CEOs today have a very different idea about their roles and about the challenges facing their organizations, according to two new studies just released, one by IBM and the other by the International Associaiton of Business Communicatiors (IABC).
The findings of the 2012 Global IBM CEO Study centre around 3 points, all of them fundamentally linked to communications among employees, customers, partners and other stakeholders. In A View from the Top: Corporate Communication from the Perspective of Senior Executives, CEOs and other senior executives identify communications as one of their key responsibilities and a core competency that needs to be developed across the organization. In both studies, technological changes and increased scrutiny of business are perceived as having fundamentally changed the rules of the game.
1. Values are the key to preventing chaos while giving employees the freedom they need to deliver the responsiveness their stakeholders expect, according to the IBM report. Like an orchestra conductor asks musicians to tell a certain story or convey a certain emotion, CEOs now need to focus on moving their teams to deliver certain values, rather than micro-managing their technique. This brings a coherence to the performance, despite the number of individual performers on-stage.
Prospero & Partners is experienced in helping companies to discover the authentic shared values held by the diverse workforce. We can also help translate those values into specific behaviours to make it easier for employees to understand what is expected of them. We also have a unique approach to exploring the dark side of values so that companies can avoid dysfunctions that could stem from the values.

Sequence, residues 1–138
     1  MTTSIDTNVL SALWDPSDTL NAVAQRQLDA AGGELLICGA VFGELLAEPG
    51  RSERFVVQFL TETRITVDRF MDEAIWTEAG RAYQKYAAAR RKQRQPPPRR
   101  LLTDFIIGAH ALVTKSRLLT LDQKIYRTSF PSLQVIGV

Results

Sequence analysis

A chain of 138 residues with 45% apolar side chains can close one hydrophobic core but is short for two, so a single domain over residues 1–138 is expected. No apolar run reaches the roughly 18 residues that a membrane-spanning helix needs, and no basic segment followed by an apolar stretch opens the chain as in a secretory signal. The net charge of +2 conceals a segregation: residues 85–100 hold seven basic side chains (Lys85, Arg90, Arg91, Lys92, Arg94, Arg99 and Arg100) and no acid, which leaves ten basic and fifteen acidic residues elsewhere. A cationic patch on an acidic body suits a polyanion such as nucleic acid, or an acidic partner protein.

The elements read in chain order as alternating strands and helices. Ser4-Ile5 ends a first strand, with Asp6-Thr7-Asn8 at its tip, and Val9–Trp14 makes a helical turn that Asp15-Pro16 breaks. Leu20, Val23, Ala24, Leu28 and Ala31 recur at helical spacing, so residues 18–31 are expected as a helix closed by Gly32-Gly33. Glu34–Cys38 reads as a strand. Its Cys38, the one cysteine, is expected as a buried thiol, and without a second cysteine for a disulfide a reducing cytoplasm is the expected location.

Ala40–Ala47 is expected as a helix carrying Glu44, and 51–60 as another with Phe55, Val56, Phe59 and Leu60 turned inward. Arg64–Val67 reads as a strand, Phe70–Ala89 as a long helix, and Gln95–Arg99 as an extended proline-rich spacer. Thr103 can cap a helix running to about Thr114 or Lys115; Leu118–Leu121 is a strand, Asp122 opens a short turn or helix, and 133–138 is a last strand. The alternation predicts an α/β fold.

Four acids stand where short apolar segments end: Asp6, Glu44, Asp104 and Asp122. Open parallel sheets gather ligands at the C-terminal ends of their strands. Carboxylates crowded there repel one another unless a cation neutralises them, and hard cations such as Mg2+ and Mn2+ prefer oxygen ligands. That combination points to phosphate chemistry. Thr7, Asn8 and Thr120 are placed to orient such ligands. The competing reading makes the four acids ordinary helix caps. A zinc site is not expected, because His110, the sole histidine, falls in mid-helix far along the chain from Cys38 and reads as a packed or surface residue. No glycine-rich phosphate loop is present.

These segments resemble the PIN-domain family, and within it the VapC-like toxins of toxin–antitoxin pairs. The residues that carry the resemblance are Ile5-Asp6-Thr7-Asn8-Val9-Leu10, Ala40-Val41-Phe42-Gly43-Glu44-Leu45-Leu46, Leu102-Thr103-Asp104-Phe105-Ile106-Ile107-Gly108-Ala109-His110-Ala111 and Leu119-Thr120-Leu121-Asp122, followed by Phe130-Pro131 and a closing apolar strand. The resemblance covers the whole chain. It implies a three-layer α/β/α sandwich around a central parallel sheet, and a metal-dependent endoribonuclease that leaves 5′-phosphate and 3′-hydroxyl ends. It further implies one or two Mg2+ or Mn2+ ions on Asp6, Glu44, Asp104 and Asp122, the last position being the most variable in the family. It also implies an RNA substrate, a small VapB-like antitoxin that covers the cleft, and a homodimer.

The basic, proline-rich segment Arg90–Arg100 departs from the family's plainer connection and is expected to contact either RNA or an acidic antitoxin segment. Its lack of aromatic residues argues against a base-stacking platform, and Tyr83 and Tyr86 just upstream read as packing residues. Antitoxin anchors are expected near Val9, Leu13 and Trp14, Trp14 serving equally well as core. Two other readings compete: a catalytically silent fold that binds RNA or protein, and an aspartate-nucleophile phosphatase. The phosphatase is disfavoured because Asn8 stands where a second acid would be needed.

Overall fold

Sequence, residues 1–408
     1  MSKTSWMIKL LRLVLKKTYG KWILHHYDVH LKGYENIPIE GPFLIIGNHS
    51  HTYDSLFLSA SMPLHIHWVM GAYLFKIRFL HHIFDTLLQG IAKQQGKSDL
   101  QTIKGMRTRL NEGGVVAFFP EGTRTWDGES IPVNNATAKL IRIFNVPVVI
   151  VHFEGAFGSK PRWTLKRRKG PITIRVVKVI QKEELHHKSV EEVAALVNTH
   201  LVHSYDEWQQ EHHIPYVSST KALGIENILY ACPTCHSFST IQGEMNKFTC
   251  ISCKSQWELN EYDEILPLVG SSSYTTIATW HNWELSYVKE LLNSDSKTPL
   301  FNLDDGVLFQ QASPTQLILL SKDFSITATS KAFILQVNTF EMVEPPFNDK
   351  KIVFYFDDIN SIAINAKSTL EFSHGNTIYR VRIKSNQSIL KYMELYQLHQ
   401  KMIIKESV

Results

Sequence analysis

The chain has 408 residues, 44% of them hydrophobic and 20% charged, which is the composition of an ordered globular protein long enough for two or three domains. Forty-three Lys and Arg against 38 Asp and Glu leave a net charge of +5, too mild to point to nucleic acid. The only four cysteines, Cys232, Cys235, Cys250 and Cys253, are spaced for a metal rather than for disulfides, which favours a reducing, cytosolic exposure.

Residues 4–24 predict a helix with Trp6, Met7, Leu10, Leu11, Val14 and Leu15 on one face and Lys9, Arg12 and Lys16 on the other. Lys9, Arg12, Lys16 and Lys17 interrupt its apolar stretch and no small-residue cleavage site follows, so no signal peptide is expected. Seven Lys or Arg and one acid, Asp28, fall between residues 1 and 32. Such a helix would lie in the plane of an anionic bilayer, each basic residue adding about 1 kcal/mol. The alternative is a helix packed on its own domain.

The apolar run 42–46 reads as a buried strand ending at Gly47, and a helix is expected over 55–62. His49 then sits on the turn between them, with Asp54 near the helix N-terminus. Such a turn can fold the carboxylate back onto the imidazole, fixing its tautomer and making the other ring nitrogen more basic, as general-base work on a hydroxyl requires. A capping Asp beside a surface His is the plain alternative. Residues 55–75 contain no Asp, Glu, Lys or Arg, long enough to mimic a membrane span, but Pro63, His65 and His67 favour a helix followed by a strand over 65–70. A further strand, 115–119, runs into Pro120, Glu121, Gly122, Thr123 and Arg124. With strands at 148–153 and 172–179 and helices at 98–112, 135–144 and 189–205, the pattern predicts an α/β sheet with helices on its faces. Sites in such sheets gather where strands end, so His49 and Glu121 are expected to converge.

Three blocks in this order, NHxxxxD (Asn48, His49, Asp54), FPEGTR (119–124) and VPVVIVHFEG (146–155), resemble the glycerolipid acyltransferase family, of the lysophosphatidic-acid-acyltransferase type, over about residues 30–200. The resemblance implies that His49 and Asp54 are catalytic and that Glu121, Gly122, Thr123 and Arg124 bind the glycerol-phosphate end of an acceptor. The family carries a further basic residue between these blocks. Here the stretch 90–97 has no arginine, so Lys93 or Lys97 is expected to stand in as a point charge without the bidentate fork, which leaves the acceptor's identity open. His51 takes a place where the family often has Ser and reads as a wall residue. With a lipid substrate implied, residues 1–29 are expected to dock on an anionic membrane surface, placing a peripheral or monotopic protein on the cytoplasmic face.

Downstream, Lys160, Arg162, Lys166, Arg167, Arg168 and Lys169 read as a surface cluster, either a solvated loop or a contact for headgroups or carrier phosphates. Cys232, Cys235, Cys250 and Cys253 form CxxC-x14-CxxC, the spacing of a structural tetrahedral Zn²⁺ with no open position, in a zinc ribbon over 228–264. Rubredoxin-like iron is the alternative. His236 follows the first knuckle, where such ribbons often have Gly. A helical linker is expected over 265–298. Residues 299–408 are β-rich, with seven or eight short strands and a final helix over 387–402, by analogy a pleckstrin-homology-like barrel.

2. The IBM survey also reveals that the myth of monolithic customer segments is dissolving and companies are discovering a multitude of individuals instead. How can employees be equipped and empowered to deal with this new reality? This point is addressed in the IABC report, where CEOs discuss the need to engage with many more stakeholders in a conversational and genuine way. This requires an army of communictors, i.e. everybody, not just a single deisgnated spokesperson. This implies constantly building communication skills and equipping people throughout the organization to be able to act on the conversations that they have with customers and others. I wrote a previous post contrasting the result at one company that has empowered its employees in this way (Lenovo) and one that has not (GDF-Suez).
How can we help? Prospero & Partners can provide culture audits and help design change programs that empower and equip employees to be more responsive. We can diagnose elements of the existing company culture and institutional structure that could prove to be obstacles to the expressed ambitions.Finally, we can provide training and support to teams and individuals implementing this new style of customer relationships.
3. More than two-thirds of the CEOs interviewed for the IBM report aim to use partnerships to amplify their innovation. The challenge of a partnership strategy is understanding and reconciling the differences in values, expectations, cultures and institutions that can prevent partnerships from meeting their full potential or even cause total failures.
The team at Prospero & Partners has years of experience working in multi-stakeholder settings to help diverse people define common ground and elaborate mutually acceptable rules of engagement to co-create new meaning and value. Let us help you build a strong foundation for your innovation partnerships.
Have you come to terms with what these trends mean for your organization? We’d love to have a conversation with you to explore the implications for your organization and how we can help you meet these challenges.
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A View from the Top is available free-of-charge to members of the International Association of Business Commnicators and can be purchased by non-members. IABC has also released a series of podcasts based on some of the Conversations with CEOs.
The 2012 Global IBM CEO Study is available to people who register for IBM’s mailing list.